Capture One update 10.2.1 adds RAW support for the new Sony A7rIII, RX10m4 and RX0

By SonyAlpha Admin

Capture One added RAW support for the three new Sony cameras and the 100-400mm FE lens. Release notes: (PDF) Download:

The post Capture One update 10.2.1 adds RAW support for the new Sony A7rIII, RX10m4 and RX0 appeared first on sonyalpharumors.

→ continue…

From:: Sony Alpha Rumors

What Happens When You Put a Mic Arm on a Light Stand?

By V Renée

Is the answer “pure genius?” Seriously though, this combo could be a real lifesaver on your next project.

One of the most annoying things about setting up lights is the constant need to adjust the stands. You know, you set up your light to where you think you need it and then realize it doesn’t work quite the way you wanted it to, so you have to adjust the height a little, as well as the angle of the boom, and pretty soon you’ve spent ten thousand hours tightening and loosening tension knobs.

But Caleb Pike of DSLR Video Shooter has come up with a solution to this tedious process. In the video below, see how he combined a microphone arm and your everyday light stand to create the ultimate articulating lighting setup for LEDs that, in my humble opinion, is pretty damn ingenious.

Read More

→ continue…

From:: No Film School

5 Great Movies Influenced By “2001: A Space Odyssey” That Aren’t Sci-fi Films

By Charlie Jones

there will be blood opening

Stanley Kubrick’s 1968 masterpiece 2001: A Space Odyssey is widely considered one of the greatest films ever made, regardless of genre. It consistently ranks high in polls of critics, directors, and audiences when determining cinema’s best offerings, and it’s easy to see why; 2001 is unforgettable, a grand visual spectacle chronicling man’s evolutionary journey from ape to Star Child, as mystifying as it is dazzling, a film that must be seen on the big-screen to be fully appreciated.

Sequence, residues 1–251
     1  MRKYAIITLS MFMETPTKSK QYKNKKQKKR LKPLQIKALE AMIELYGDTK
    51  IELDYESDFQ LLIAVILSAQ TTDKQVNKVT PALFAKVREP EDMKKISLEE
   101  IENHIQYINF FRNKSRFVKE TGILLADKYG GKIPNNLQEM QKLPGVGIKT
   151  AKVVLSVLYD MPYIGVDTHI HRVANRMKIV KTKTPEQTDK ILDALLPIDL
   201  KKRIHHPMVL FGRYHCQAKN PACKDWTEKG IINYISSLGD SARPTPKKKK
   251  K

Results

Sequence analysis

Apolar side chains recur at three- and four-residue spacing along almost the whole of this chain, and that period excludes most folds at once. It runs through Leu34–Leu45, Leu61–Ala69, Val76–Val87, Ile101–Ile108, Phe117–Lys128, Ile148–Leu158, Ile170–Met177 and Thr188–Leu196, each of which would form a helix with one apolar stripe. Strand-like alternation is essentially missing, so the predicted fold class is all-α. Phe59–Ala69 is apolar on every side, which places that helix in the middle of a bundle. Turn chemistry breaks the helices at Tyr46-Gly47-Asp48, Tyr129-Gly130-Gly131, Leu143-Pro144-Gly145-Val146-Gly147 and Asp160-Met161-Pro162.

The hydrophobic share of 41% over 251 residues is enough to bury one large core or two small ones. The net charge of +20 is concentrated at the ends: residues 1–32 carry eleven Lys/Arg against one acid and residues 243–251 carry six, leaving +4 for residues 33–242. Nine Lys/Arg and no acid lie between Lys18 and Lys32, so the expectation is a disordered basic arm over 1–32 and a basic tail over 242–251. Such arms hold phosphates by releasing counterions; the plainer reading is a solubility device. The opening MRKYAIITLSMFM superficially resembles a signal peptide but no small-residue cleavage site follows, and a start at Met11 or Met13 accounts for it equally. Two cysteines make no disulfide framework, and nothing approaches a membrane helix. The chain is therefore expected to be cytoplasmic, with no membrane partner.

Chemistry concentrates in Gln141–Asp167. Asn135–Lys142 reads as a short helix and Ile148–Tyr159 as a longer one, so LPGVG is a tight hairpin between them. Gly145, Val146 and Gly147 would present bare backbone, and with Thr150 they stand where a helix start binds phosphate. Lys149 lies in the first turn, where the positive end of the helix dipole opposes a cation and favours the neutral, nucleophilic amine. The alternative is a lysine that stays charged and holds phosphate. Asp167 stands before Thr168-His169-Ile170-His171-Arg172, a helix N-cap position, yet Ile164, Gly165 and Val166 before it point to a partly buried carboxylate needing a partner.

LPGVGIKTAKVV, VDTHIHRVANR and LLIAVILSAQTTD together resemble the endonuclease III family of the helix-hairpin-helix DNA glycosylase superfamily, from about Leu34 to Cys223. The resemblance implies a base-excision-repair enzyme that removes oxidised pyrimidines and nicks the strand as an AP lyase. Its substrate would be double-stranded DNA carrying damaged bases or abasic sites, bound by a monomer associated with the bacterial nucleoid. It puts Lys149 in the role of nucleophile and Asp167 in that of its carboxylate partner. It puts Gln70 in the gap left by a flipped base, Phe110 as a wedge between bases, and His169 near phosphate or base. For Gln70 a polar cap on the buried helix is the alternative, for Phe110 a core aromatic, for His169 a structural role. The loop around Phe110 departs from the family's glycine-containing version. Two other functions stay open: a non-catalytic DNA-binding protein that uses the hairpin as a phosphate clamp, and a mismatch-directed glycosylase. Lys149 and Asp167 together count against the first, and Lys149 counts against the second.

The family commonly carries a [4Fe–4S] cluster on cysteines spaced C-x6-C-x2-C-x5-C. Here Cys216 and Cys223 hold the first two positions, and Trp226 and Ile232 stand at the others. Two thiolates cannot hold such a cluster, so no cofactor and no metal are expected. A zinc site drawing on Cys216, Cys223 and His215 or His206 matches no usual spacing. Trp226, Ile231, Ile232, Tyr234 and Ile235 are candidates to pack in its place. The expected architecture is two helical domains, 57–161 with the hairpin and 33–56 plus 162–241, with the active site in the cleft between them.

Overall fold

Its influence on science-fiction, particularly with regards to visuals and special effects (for which 2001 earned an Academy Award), cannot be overstated, and is evident in the filmographies of Steven Spielberg, George Lucas, and Christopher Nolan, to name only a few of the film’s more high-profile admirers.

Yet 2001’s impact on cinema is not confined solely to science-fiction; its influence can be seen in experimental films, horror flicks, crime-thrillers, and even straight dramas. Like other masterpieces before and after it, 2001 goes beyond the genre with which we attempt to classify it, giving weight to the argument that such classification is both incidental and restrictive.

As such, 2001 demonstrates how films that are truly influential transcend the boundaries of genre, travelling through the Star Gate, and reaching a higher stage of cinematic evolution that we call ‘classic’.

1. The Tree of Life (Terrence Malick, 2001)

Terrence Malik’s largely plotless experimental drama The Tree of Life often draws comparisons with 2001: A Space Odyssey. Each film is comprised of several vignettes, which must be pieced together to form anything close to resembling a conventional narrative. It was probably this avant-garde filmmaking that drew derision for both films upon their respective releases, The Tree of Life even being booed at the 2011 Cannes Film Festival, after which it took home the Palme D’Or.

But The → continue…

From:: Taste Of Cinema

The 15 Best Character Introductions In Movie History

By Mike Gray


Even in film, first impressions count for a lot. Since movies only have a relatively brief amount of time to establish their story, setting, and characters, it takes skill to concentrate and shorthand entire characters and what they ultimately mean to the story being told. It’s how a character is presented that leads to why they are being presented that way: a ruggish-looking man with face stubble wearing a leather jacket and carrying a whip, for example, tells you a lot through visuals alone of who this character is. Place him in the jungle and already half his story is told almost immediately to the audience.

Character introductions mean a lot because filmmakers rely on these few minutes to get across to audiences everything they need to know. Sometimes they’re done clumsily, leading to character development that’s dragged across an entire film to unsatisfactory ends.

But when they’re done right, they exemplify the artistry that goes into filmmaking, where directors, editors, actors, set designers and wardrobe departments work in concert to create a striking, singular vision of a character that will stick in an audience’s mind. Some of these have even become iconic, and for good reason: they are images that themselves become shorthand within our culture.